Australian taxpayers will foot a $277,000 bill for investigations into a car crash involving former Coalition attorney-general George Brandis.
The incident took place on November 2, 2021, at the COP26 climate summit in Glasgow, which Mr Brandis attended in the role he held at the time as Australia’s high commissioner to the United Kingdom.
The accident, which damaged two police cars, reportedly occurred when the diplomatic car carrying Mr Brandis tried to catch up to then-prime minister Scott Morrison’s official motorcade.
The car carrying Mr Brandis was not damaged.
The Australian Department of Foreign Affairs and Trade’s chief operating officer, Clare Walsh, on Thursday disclosed the costs of two separate investigations into the incident.
Ms Walsh told a Senate estimates hearing that Australia’s high commission in London had ordered the first investigation, which was conducted by barrister Simon Devonshire at a cost of $11,534.
It took Mr Devonshire about a month to conduct the investigation after he was hired on December 1, 2021.
Former DFAT secretary Kathryn Campbell told a separate Senate estimates hearing earlier this year she had commissioned a “more comprehensive” probe by law firm Ashurst because the preliminary investigation was “not broad enough”.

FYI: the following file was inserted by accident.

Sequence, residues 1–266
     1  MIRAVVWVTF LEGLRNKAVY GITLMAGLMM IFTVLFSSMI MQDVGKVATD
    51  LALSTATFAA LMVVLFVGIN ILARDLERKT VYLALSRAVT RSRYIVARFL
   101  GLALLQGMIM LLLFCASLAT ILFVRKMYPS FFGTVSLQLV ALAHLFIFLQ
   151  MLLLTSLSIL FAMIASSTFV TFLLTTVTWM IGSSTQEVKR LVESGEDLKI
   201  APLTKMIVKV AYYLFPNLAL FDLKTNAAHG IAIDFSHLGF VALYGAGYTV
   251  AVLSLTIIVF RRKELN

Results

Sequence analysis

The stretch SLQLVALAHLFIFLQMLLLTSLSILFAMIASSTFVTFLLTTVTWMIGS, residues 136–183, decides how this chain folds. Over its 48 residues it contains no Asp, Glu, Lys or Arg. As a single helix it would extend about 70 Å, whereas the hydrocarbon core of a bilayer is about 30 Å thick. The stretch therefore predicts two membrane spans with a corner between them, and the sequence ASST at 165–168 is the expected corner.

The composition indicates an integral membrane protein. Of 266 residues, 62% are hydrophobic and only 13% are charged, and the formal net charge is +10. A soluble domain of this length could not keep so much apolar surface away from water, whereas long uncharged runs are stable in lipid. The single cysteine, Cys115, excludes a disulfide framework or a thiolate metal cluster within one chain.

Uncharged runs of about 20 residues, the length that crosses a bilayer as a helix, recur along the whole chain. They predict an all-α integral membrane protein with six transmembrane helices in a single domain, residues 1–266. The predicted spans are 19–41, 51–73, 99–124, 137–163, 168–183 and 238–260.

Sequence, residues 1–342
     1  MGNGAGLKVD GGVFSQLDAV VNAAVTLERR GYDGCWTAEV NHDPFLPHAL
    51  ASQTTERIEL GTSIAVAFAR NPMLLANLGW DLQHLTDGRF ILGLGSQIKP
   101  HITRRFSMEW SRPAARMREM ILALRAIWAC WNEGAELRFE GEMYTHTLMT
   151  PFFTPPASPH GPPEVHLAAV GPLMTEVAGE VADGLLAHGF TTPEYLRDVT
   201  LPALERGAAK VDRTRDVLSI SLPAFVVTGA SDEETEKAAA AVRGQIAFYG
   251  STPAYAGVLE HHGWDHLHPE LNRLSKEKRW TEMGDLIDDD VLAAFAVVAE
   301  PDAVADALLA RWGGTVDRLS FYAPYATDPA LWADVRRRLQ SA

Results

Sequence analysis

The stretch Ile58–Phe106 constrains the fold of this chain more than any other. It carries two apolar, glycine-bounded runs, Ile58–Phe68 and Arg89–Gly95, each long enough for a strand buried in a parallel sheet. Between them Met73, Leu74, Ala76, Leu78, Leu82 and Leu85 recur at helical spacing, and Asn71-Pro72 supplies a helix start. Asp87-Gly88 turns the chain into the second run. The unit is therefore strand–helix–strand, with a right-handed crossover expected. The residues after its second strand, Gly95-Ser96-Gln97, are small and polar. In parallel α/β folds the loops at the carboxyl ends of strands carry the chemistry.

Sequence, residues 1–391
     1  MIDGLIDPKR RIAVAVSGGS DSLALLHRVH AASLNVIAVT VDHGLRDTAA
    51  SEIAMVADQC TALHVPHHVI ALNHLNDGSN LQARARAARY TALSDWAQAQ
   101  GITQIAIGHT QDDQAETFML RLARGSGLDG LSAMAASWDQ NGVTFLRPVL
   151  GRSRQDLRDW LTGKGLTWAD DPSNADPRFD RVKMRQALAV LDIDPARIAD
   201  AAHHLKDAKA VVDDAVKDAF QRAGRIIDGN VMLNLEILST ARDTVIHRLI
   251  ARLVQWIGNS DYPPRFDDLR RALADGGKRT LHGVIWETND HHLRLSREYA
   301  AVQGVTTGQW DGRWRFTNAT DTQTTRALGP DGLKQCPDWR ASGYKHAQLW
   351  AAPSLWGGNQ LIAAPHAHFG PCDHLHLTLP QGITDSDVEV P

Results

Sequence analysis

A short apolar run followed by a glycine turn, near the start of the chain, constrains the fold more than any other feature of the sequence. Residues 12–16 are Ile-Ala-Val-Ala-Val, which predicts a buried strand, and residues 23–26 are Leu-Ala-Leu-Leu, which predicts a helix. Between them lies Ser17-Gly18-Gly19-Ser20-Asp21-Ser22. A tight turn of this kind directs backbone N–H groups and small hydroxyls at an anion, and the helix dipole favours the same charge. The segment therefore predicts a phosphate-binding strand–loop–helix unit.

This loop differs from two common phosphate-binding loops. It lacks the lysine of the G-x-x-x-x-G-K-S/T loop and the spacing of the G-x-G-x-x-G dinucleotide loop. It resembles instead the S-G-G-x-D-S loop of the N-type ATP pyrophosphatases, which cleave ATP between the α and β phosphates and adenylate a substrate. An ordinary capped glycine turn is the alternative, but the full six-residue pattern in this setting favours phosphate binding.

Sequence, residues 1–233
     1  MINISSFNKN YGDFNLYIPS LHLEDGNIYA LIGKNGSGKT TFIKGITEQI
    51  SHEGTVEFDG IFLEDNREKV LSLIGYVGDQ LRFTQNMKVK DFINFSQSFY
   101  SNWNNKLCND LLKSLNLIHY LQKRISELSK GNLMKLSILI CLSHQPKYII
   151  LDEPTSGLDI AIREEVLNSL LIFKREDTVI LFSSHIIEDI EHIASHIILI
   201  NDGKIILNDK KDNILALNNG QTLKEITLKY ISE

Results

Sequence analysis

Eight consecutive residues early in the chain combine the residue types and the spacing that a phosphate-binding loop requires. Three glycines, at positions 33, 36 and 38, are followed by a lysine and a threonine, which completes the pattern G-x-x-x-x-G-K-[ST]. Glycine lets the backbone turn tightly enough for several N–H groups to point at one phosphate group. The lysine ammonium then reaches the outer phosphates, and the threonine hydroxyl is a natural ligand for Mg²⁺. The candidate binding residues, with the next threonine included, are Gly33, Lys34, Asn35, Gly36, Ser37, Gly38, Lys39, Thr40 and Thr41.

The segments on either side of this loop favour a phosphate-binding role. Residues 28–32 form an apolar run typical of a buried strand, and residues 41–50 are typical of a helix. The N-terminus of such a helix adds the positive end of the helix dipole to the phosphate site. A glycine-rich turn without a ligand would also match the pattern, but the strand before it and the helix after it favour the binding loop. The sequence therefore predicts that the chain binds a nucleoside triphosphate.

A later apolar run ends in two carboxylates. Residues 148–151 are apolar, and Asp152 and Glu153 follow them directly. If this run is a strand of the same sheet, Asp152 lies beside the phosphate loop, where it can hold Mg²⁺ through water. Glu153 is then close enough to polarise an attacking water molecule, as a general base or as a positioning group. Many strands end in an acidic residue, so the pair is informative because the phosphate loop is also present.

Ms Walsh revealed on Thursday the Ashurst probe cost $240,000.
Ms Campbell had commissioned the secondary investigation because she wanted something “more comprehensive” that was “at arm’s length” of the high commission in London, Ms Walsh said.
Ms Walsh said Ashurst had interviewed 12 people — including Mr Brandis — as part of its investigation and that DFAT had received the resulting report on July 6.
The Ashurst probe focused on work health and safety issues associated with the incident.
The report found that Mr Brandis had been scheduled to catch a bus that had been organised to take members of the Australian delegation to a breakfast but his plans had been changed at the last minute.
“The advice to him about changing arrangement was made very late in the evening and was probably not effectively communicated to either himself or a member of his team,” she said.
She said UK police had sought an additional $26,320 for the damaged cars, with DFAT seeking to have this cost covered by the government’s insurer.
The two investigations did not recommend any disciplinary action for Mr Brandis’s driver.
Ms Walsh said the UK authorities were not intending to further pursue the matter, which was “now considered closed”.
Mr Brandis recently left the high commissioner role to return to Australia and take up a role at The Australian National University.